Harris said while generations tend to become more conservative over time, there is something “unique” about this current generation of voters that is “much more” left-leaning than prior ones. 

Moving forward

Mayhew said the midterm results may have “diminished the odds” somewhat of Trump getting the Republican nomination or winning the presidency in 2024. 

At the end of the event, panelists provided concluding remarks on a few last questions regarding issues such as gun control, Biden’s agenda moving forward and Florida’s increasing conservatism. 

Harris explained that gun control is really “bundled” with other issues, and she expects that the prominence of gun control and policing will grow over the course of the next election. 

“I do think we’re gonna see this rolling up to the state level and hopefully in the next 10 years being discussed in national elections, but I mean, I think that’s something that’s gonna be talked about a lot in the presidential election in the next two years,” Harris said.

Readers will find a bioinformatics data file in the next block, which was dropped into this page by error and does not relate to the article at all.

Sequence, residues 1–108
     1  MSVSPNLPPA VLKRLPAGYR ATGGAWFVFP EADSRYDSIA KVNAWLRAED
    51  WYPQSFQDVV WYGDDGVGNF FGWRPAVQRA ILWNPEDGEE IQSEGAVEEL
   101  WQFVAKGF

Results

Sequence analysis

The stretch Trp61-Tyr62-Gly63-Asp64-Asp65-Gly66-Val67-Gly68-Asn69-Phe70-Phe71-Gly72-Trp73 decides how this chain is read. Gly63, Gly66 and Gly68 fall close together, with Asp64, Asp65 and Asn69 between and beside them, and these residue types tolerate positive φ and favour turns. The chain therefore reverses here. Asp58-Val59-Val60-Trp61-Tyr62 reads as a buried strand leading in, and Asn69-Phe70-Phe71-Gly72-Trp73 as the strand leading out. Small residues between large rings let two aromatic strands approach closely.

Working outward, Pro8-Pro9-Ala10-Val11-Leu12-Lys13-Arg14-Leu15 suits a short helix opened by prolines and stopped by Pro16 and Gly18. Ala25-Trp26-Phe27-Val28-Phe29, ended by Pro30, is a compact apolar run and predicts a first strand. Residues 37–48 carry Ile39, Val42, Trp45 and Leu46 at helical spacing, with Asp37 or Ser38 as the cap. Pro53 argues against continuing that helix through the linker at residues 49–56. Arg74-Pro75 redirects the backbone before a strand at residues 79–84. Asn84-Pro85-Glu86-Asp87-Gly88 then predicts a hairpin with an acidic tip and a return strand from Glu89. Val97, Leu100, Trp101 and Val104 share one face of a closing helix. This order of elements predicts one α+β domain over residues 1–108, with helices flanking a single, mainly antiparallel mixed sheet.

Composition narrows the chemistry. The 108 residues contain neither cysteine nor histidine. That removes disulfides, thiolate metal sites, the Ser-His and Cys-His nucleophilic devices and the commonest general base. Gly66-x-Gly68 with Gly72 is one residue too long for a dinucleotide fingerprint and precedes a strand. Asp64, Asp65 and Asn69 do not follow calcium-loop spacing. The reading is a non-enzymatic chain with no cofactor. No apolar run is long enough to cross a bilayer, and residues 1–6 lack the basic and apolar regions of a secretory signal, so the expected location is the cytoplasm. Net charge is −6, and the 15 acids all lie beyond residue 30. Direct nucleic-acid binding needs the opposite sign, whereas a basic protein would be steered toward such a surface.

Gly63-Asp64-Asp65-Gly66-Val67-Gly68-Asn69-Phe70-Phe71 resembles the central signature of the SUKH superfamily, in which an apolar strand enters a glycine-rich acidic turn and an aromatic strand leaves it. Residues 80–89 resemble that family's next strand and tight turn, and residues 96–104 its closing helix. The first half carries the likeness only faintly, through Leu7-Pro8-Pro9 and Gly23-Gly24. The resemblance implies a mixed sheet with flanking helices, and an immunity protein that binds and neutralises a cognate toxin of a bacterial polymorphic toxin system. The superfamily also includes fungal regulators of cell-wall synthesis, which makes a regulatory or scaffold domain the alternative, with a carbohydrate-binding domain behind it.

Professor David Mayhew said the midterm results may have “diminished the odds” somewhat of Trump getting the Republican nomination or winning the presidency in 2024. (Aliesa Bahri, Contributing Photographer)

Near the end of the discussion, another student asked about the difficulty of acquiring accurate polling data — to which Huber replied that political experts do not know and are “terrified.

Edward Blunt ’26, a London native, was one of the students in attendance at the event.

“Even Brits should care about elections in the U.S,” Blunt told the News. “These midterms are critical in understanding what kind of country the United States is going to be, particularly in the next two years. Is Trumpian politics going to win out or is the more moderate politics going to win out?”

The midterm elections took place on Nov. 8, 2022. 

Sarah Cook is one of the University editors. She previously covered student policy and affairs, along with President Salovey's cabinet. From Nashville, Tennessee, she is a junior in Grace Hopper majoring in Neuroscience.
Ben Raab covers faculty and academics at Yale and writes about the Yale men's basketball team. Originally from New York City, Ben is a sophomore in Pierson college pursuing a double major in history and political science.